BMW in the world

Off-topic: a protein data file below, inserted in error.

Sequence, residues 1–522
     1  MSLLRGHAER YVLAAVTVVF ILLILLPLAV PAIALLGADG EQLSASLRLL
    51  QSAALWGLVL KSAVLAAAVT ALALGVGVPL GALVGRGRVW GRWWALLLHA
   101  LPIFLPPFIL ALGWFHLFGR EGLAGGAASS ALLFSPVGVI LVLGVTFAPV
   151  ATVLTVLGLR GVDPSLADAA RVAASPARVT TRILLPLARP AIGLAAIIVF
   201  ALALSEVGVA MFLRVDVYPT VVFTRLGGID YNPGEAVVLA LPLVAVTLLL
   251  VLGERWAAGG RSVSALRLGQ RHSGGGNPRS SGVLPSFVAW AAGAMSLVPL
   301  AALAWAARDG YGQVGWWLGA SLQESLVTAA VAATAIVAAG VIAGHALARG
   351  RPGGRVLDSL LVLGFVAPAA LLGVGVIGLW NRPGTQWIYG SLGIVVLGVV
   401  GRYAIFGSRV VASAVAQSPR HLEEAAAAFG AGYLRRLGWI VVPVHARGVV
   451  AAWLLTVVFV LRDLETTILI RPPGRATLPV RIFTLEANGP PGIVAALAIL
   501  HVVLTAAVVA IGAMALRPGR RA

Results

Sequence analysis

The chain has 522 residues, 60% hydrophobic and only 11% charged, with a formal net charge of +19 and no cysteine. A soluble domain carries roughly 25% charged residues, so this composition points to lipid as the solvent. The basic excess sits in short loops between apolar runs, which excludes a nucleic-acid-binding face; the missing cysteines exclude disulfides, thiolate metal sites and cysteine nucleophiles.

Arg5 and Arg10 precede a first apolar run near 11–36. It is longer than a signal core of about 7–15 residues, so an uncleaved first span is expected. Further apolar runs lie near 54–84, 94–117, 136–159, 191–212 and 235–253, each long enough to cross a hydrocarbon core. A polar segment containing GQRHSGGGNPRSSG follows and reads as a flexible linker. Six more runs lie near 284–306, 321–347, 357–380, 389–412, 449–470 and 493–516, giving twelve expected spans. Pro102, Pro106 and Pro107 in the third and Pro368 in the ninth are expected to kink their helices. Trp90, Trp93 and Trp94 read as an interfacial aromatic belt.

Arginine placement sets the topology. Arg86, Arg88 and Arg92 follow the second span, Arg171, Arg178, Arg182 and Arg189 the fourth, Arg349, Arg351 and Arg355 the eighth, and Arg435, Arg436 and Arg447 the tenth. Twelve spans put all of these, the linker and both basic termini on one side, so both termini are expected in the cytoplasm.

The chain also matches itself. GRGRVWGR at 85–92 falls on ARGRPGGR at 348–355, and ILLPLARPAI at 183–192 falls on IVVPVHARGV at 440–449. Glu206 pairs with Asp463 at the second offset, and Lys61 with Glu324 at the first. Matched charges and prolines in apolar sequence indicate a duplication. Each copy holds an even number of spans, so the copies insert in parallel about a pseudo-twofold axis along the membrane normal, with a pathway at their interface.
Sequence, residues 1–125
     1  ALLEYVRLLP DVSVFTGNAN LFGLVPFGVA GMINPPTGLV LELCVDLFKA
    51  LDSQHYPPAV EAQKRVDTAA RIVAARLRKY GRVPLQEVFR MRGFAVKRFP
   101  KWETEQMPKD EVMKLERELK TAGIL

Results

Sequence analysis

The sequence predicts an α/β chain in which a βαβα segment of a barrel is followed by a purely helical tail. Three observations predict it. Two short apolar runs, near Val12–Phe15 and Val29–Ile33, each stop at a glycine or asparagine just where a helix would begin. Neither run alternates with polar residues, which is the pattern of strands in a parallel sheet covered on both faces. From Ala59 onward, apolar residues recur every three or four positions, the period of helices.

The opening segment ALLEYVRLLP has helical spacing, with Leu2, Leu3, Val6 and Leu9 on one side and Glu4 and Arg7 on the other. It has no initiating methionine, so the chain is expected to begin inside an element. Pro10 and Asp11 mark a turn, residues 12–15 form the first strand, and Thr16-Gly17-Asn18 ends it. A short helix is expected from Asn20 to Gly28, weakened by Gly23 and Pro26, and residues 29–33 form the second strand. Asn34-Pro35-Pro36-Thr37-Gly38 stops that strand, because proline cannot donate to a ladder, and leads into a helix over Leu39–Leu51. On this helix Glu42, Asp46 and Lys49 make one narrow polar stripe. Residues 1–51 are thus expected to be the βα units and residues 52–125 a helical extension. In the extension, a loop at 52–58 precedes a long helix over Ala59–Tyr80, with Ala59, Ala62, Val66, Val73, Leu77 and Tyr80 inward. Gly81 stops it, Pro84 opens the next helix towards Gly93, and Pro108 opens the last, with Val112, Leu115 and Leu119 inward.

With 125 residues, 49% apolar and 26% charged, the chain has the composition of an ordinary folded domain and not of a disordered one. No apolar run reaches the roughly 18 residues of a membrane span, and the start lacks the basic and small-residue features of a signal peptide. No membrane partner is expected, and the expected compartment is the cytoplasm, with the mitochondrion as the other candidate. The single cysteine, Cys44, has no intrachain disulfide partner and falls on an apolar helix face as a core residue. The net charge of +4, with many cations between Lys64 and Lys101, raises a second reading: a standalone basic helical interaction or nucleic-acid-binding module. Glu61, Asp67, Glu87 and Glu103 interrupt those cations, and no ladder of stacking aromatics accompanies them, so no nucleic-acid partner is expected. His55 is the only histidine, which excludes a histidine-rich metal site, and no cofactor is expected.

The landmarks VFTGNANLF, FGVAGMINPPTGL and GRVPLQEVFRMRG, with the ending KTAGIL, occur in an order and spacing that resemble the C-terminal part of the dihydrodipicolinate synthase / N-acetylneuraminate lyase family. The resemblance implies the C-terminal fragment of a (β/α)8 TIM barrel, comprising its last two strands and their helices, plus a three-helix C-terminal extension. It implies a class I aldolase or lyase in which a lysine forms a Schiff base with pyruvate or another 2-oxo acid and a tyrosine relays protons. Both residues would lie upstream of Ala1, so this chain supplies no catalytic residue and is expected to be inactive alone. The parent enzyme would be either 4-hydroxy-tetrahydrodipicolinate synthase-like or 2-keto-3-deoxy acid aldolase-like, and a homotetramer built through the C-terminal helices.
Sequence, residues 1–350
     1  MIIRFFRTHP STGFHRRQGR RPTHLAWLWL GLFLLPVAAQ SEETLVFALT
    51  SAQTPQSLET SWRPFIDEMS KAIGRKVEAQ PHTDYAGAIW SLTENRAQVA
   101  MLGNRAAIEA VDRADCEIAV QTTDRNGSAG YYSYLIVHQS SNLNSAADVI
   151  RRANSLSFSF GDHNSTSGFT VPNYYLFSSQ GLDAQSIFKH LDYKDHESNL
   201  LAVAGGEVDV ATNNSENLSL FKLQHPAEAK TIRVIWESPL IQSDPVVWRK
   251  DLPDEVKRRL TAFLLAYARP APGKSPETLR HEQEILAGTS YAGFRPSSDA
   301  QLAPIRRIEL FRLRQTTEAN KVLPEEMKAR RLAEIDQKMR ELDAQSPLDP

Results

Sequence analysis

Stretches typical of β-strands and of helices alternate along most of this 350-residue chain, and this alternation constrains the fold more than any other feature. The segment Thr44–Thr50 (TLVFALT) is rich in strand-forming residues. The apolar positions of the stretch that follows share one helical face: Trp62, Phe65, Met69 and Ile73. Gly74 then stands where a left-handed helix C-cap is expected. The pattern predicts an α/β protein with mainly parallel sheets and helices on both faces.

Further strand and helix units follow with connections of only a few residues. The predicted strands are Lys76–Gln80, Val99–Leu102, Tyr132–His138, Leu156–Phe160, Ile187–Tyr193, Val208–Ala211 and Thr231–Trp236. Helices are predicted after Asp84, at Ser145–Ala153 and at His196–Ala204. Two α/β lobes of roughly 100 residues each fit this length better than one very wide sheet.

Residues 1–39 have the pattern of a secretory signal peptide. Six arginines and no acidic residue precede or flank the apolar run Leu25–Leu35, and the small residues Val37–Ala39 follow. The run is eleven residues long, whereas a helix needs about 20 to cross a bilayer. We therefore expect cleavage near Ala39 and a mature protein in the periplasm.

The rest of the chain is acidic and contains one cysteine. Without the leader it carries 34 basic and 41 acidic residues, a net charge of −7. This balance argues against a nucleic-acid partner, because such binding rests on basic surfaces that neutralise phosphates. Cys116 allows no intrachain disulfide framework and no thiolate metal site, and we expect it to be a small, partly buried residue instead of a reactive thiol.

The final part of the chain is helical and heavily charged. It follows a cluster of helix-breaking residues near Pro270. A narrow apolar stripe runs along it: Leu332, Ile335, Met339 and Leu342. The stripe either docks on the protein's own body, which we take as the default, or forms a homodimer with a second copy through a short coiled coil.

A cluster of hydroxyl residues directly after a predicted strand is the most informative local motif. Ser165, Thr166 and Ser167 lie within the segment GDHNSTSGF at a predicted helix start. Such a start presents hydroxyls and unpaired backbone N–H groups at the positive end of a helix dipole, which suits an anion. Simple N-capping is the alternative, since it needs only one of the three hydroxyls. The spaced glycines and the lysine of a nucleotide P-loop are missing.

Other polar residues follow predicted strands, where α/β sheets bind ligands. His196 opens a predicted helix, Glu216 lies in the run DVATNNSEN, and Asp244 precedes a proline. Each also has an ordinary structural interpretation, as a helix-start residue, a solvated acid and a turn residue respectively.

Originally, the race results were determined by distance. The car which covered the greatest distance was declared the winner. This is known to have caught out the Ford team in 1966. With a dominant 1–2 lead, the two cars slowed to allow for a photo opportunity at the finish line, with Denny Hulme slightly ahead of Bruce McLaren. However, since McLaren's car had actually started much farther back on the grid than Hulme, McLaren's car had actually covered the greatest distance over the 24 hours. With the margin of victory determined to be eight metres, McLaren and his co-driver, Chris Amon, were declared the winners. Not only did the decision cost Hulme a victory; it also deprived his co-driver Ken Miles of the win. Miles had already won the other two endurance races at Sebring and Daytona. With a win at Le Mans, he would have become the first man to win all three, not to mention in the same year. Miles was one of the oldest racers on the circuit. Tragically, he was killed in a crash later that year. The greatest distance rule was later changed when a rolling start was introduced, and instead, the winner is now the car that has completed the greatest number of laps. To be classified in the race results, a car is required to cross the finish line after 24 hours. This has led to dramatic scenes where damaged cars waited in the pits or on the edge of the track close to the finish line for hours, then restarted their engines and crawled across the line to be listed amongst the finishers.[citation needed] However, this practice of waiting in the pits was banned in recent years wit a requirement that a team complete a set distance within the last hour to be classified as a finisher. Another rule instituted by the ACO was the requirement that cars complete 70% of the distance covered by the overall winner. A car failing to complete this number of laps, even if it finished the race, was not deemed worthy of classification because of poor reliability or speed. Christopher Arthur Amon MBE (born 20 July 1943 in Bulls, New Zealand) is a former motor racing driver. He was active in Formula One – racing in the 1960s and 1970s – and is widely regarded to be one of the best F1 drivers never to win a championship Grand Prix. His reputation for bad luck was such that fellow driver Mario Andretti once joked that "if he became an undertaker, people would stop dying". Apart from driving, Chris Amon also ran his own Formula One team for a short period in 1974. Away from Formula One, Amon had some success in sports car racing, winning the 24 Hours of Le Mans race in 1966. Bruce Leslie McLaren (30 August 1937 – 2 June 1970) was a New Zealander race-car designer, driver, engineer and inventor. His name lives on in the McLaren team which has been one of the most successful in Formula One championship history, with McLaren cars and drivers winning a total of 20 world championships. McLaren cars totally dominated CanAm sports car racing with 56 wins, a considerable number of them with him behind the wheel, between 1967 and 1972 (and five constructors’ championships), and have won three Indianapolis 500 races, as well as the 24 Hours of Le Mans and 12 Hours of Sebring.